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  • The real issue is universal access to affordable basic services

    Despite all promises, commitments & declarations made by Govts and international agencies over past four decades, the scale of deficiencies in provision of water & sanitation in rural and urban areas is astonishing.


    India is facing serious and persistent water resources crisis owing to growing supply-demand imbalance. The simultaneous effects of agricultural growth, industrialization and urbanization and inefficiencies in water use practices are some of the crucial problems.

  • A dam-building race in Asia: How to contain the geopolitical risks

    Dam building on transnational rivers is at the heart of the inter-riparian tensions in Asia. Asia is already the world’s most dam-dotted continent: It has more dams than the rest of the world combined.

  • Dwindling water supply in India spurs call for reforms

    India has more than 17% of world’s population, but only 4% of its renewable water resources and 2.6% of land area. The nation is reportedly the largest user of groundwater, with 14 of its 20 river basins considered water-stressed.

  • First India Water Week begins soon: 'Take-aways' to decide stickiness

    The Indian Government has finally decided to hold an annual jamboree around water. Beginning this year, the India Water Week proposes to be India's showcase event to the global water community. It is time that such a show was held.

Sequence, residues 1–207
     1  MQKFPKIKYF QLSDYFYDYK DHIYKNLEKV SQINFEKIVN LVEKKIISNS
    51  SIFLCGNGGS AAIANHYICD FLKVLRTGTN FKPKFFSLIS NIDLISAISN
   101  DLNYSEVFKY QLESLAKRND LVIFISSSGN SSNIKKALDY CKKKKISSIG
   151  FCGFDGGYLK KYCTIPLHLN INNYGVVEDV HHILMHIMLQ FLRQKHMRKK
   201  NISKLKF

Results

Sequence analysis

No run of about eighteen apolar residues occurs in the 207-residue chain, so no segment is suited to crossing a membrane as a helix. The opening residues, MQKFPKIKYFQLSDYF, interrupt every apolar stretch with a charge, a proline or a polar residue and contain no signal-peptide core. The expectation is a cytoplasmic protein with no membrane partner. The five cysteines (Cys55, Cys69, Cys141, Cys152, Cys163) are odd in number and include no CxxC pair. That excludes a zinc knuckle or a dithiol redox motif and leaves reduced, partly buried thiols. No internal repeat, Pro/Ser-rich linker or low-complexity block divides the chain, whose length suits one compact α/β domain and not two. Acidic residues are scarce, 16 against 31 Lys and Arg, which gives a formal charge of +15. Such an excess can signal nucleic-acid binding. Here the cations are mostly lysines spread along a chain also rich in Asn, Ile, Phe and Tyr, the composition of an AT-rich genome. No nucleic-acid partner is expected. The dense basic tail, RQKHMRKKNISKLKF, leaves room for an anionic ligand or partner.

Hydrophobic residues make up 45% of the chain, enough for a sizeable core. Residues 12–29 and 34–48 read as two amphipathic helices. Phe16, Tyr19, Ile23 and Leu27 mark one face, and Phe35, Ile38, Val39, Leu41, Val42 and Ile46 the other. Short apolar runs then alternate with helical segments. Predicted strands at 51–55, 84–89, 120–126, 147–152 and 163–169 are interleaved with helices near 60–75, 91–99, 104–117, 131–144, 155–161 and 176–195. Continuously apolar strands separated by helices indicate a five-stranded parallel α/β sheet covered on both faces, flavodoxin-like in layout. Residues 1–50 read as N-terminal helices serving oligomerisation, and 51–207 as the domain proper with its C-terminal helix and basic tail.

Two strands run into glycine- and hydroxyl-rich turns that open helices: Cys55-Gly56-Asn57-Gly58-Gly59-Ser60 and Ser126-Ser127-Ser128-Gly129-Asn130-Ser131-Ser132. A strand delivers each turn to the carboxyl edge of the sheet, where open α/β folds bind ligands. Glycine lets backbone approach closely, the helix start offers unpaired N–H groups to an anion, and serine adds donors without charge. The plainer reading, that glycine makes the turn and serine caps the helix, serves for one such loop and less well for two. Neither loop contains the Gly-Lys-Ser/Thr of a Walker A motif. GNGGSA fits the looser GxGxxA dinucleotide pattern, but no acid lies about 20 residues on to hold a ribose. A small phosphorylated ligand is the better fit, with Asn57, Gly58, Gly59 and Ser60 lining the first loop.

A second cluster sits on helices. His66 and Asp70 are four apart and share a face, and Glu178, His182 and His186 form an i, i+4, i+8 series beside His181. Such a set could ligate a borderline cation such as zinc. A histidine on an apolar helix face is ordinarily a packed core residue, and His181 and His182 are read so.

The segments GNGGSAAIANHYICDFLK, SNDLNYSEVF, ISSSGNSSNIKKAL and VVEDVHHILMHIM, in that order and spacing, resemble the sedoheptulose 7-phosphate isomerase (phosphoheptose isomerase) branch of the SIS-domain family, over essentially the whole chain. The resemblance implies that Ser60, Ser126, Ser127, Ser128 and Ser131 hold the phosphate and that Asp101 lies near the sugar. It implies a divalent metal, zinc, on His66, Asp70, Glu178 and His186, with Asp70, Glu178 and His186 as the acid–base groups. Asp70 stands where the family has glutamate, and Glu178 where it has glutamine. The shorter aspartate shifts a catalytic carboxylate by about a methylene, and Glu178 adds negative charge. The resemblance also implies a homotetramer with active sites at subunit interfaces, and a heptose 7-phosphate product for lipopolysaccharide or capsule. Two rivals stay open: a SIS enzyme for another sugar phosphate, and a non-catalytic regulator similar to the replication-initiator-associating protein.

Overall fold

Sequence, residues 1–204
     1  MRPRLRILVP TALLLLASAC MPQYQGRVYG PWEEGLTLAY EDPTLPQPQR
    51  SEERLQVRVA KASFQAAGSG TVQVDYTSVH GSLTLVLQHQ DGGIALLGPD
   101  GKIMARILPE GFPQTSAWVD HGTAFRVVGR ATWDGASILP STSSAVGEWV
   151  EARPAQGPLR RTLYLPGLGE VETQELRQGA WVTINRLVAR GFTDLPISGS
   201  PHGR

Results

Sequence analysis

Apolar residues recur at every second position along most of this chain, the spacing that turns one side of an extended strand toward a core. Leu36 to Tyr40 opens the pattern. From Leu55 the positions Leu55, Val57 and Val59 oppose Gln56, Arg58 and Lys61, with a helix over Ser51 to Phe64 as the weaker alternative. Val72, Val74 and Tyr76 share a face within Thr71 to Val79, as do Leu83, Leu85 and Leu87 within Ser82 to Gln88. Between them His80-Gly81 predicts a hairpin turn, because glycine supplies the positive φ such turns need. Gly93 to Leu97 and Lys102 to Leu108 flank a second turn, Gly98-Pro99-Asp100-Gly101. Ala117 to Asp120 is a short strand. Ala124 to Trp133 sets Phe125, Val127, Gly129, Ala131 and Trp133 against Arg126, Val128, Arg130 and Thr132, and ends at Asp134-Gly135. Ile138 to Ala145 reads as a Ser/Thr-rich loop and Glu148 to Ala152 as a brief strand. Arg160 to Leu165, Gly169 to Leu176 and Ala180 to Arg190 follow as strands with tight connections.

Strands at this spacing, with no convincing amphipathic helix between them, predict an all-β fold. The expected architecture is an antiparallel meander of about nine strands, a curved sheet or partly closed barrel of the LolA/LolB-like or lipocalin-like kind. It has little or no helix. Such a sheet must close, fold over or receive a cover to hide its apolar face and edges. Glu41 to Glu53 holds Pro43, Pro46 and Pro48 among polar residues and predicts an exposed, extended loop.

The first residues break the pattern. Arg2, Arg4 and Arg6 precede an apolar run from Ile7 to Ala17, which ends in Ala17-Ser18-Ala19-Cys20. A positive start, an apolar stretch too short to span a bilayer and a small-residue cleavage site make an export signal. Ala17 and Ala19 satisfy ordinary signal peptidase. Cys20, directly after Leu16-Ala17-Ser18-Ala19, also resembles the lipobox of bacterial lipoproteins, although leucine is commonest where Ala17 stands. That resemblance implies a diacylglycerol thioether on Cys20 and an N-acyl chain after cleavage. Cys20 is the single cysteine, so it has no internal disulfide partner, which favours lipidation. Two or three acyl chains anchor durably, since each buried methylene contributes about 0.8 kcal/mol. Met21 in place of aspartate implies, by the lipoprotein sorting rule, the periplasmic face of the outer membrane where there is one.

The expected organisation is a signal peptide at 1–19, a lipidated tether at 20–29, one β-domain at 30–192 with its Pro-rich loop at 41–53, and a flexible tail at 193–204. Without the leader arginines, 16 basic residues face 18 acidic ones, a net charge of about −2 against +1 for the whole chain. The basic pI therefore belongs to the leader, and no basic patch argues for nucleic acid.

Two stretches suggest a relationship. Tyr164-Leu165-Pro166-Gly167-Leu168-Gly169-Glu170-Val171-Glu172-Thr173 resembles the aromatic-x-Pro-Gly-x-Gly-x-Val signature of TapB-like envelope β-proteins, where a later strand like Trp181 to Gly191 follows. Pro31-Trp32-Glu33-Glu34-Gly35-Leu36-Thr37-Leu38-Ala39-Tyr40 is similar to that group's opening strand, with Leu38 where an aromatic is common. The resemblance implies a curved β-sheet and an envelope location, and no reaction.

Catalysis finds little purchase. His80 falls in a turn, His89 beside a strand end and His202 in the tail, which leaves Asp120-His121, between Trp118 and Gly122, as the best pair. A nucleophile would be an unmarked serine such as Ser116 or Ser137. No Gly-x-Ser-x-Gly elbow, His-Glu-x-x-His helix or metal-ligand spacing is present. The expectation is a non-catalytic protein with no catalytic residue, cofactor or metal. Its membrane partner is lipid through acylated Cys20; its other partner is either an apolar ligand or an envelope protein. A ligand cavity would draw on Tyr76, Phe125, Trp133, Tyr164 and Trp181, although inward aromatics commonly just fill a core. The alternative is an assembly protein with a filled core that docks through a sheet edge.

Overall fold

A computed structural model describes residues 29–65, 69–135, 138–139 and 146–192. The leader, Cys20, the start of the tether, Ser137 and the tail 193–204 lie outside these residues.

• Poor water governance and scarce water: Status quo in Indian Himalayas

    Given that mountains are considered as water towers, Government’s record shows that of 11 mountainous states in Indian Himalayas, only 57% habitations (national coverage is 74%) have been covered for drinking water supply.

  • Pepsico’s water claims in India are erroneous

    The India Resource Centre reports, “Pepsico is claiming that it has achieved ‘positive water balance’ in India. Pepsico’s claims are erroneous, misleading and deceptive. The company does not give back more water than it takes.”

  • Bottled water – A rapidly growing market in India

    If all the money spent on bottled water was invested in improving the infrastructure for a safe tap water supply, in terms of quantity and quality, then it probably wouldn’t be necessary to buy bottled water at all.

  • Water privatization, globalization and poverty

    Can you imagine a world where 1.5 mn children die each year due to lack of drinking water and sanitation? Can you imagine a world where water and sanitation fall into private ownership or where water is no longer a basic human right?

  • More social innovation needed To improve India's groundwater levels

    India's declining water table needs more investment in social innovation to help the things round. India is a severely water-stressed economy and as the scarcity increases, competing demands for water grow. Farmers are the first to be affected.

Nine of the 10 worst global risks are linked to water

Water is one of the world’s gravest risks, according to the Global Risks Report published earlier this week at the World Economic Forum in Davos. And the situation is actually worse than it might seem at first glance.